Two members of the Belarus Olympic team have lost their Olympic Games accreditation and had to leave the Olympic village immediately. It concerns Yuri Moysevich, coach of the Belarusian athletics team and team member Artur Shumak. The two tried to force Olympic sprinter Kristina Tsimanoeskaja to take the plane to Belarus.
The International Olympic Committee (IOC) reported Friday (local time) that it has decided to withdraw its accreditations. Not only did the two people have to leave the Olympic village, the corona measures mean that they are no longer allowed to stay in Japan.
“In the interest of the well-being of Belarusian athletes currently in Tokyo, the IOC revoked the accreditations of the two coaches last night,” the committee said in a statement. “We have requested the two coaches to leave the Olympic village immediately, and they have done so.”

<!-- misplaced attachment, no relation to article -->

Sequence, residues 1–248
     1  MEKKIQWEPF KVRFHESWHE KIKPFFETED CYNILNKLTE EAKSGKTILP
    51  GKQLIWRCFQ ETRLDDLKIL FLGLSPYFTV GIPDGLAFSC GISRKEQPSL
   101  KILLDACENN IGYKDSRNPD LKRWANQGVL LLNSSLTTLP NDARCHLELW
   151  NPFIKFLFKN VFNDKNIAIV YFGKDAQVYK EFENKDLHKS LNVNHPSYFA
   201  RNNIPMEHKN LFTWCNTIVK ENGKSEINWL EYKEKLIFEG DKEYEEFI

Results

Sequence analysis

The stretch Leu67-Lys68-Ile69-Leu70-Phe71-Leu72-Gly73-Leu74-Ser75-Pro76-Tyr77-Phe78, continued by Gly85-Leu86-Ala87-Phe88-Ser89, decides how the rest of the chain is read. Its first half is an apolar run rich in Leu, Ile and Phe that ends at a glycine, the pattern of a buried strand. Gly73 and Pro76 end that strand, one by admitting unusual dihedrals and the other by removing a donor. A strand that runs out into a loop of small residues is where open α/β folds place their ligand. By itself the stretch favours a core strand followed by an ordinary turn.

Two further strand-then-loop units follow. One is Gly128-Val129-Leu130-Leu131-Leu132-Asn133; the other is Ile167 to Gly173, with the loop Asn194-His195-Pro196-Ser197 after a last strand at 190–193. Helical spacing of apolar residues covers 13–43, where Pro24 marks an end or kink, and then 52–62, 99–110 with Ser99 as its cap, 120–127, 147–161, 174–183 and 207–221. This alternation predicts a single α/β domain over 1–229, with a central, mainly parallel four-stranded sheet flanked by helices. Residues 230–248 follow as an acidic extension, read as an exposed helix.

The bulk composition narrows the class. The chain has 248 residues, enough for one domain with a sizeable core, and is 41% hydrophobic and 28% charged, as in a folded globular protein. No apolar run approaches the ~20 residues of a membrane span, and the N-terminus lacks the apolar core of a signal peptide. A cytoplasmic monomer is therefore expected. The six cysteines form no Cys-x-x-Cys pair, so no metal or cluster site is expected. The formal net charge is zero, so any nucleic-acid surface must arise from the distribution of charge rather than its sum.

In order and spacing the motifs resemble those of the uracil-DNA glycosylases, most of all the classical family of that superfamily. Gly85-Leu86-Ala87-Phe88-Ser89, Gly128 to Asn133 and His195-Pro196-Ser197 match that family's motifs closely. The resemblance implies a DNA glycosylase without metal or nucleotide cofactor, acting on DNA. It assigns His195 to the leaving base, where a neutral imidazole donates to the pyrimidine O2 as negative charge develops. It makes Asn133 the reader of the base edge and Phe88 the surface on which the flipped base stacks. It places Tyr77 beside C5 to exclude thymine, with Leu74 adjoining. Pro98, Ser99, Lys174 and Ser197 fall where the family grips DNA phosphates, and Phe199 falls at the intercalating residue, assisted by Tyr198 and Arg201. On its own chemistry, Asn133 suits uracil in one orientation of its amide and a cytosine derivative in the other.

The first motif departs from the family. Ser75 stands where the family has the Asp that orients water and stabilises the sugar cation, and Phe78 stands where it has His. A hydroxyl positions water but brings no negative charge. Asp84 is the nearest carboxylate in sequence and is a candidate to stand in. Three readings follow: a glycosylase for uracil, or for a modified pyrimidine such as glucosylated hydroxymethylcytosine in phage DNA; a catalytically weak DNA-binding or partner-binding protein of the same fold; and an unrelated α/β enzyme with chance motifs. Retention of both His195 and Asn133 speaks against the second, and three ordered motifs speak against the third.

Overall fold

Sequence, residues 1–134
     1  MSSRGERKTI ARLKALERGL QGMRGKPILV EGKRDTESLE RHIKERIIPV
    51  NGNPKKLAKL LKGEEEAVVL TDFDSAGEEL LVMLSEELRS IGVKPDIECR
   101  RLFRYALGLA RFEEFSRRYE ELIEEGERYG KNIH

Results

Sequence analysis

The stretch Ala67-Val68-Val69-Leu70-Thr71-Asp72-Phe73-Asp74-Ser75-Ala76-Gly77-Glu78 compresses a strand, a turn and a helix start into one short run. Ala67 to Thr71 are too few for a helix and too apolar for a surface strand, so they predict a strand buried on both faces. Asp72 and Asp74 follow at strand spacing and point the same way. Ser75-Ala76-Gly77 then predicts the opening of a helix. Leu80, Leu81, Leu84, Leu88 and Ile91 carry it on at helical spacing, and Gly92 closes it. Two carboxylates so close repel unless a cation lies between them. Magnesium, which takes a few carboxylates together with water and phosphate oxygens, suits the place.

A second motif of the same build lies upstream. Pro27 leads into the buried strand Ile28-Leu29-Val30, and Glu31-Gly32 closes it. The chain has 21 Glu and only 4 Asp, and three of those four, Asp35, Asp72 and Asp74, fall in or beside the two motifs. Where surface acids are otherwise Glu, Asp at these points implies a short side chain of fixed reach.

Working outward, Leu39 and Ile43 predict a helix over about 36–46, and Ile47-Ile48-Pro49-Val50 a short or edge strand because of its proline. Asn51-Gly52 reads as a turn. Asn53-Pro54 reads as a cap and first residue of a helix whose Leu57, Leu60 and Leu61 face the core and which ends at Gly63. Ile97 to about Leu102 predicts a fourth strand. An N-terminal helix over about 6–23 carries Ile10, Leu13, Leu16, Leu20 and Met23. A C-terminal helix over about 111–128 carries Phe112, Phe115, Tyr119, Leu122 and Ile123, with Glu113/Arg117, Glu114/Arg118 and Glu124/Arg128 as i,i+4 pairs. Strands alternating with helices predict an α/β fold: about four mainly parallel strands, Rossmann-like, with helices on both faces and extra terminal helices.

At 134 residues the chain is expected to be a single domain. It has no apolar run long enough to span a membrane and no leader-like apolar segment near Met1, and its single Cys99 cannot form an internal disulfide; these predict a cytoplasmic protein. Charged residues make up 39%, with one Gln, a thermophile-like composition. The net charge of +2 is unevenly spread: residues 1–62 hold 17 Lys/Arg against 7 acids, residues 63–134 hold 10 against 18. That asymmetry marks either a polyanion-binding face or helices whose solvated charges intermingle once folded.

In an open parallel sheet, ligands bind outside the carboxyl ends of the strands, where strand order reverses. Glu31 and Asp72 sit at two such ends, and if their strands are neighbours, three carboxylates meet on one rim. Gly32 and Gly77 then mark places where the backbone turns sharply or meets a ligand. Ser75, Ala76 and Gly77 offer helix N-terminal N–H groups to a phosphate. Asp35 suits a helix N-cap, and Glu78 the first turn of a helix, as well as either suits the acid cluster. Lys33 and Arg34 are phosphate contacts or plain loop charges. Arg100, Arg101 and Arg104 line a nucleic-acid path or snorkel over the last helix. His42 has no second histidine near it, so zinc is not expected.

IOC President Thomas Bach said Friday morning he was happy that Tsimanoeskaya is safe in Poland. “This is a deplorable matter,” said Bach.
The Japanese government called it unacceptable that an athlete was forced to leave. “It is unacceptable and unjust that an athlete was pressured to go home after expressing her opinion about athletics.”
The refugee 24-year-old Tsimanoeskaja from Belarus arrived in Poland on Thursday. She was expelled from the Olympic team on Sunday for criticism of her coaches, after which her coaches forced her to fly home. Instead, Tsimanoeskaya went to the Polish embassy in Tokyo, which had offered her a visa for humanitarian reasons.
The IOC said it is investigating the incident to “clarify the role the coaches played”. The Belarus Olympic team has not yet commented on the developments.
The incident has again drawn attention to Belarus. There has been cracking down on people of dissent since a wave of protest shook the country after last year’s elections. According to the opposition, fraud was committed to keeping President Alexander Lukashenko in power.